Evening, September 15, edited from Spurgeon’s Morning and Evening
“A people near to him.” — Psalm 148:14
The dispensation –God’s divinely ordained order — of the old covenant was that of distance. Even when God appeared to his servant Moses, he said, “Do not come near here; remove your sandals from your feet;” and when he displayed himself upon Mount Sinai, to his own chosen and separated people, one of the first commands was, “You shall set bounds for the people all around.” Both in the sacred worship of the tabernacle and the temple, the thought of distance was always prominent. The majority of the people did not even enter the outer court. Into the inner court none but the priests might dare to intrude; while into the innermost place, or the holy of holies, the high priest entered only once in the year. It was as if the Lord in those early ages would teach man that sin was so utterly loathsome to him, that he must treat men as lepers put without the camp; and when he came nearest to them, he yet made them feel the width of the separation between a holy God and an impure sinner.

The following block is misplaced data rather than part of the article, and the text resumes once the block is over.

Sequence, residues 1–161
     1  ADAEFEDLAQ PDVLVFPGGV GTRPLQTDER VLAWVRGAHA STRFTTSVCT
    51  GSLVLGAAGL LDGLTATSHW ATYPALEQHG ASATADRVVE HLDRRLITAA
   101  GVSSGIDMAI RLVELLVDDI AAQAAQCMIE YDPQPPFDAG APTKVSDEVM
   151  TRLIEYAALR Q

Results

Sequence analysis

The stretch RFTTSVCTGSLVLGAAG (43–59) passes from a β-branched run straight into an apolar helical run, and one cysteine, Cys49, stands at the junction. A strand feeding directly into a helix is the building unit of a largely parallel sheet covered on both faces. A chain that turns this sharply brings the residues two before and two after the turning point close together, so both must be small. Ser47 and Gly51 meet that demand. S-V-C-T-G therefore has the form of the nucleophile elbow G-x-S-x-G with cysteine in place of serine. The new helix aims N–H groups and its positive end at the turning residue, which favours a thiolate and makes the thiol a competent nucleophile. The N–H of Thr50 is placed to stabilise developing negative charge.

When the gospel came, we were placed on quite another footing. The word “Go” was exchanged for “Come;” distance was made to give place to nearness, and we who in times before were far off, were made close by the blood of Jesus Christ. Incarnate Deity has no wall of fire about it. “Come to me, all you that labor and are heavy laden, and I will give you rest,” is the joyful proclamation of God as he appears in human form. No longer does he teach the leper the nature of his leprosy by setting him at a distance, but instead by himself suffering the penalty of his defilement. What a state of safety and privilege is this nearness to God through Jesus! Do you know it by experience? If you know it, are you living in the power of it? Marvelous is this nearness, yet it is to be followed by a dispensation of greater nearness still, when it shall be said, “The tabernacle of God is with men, and he shall dwell among them.” Let it come quickly, O Lord.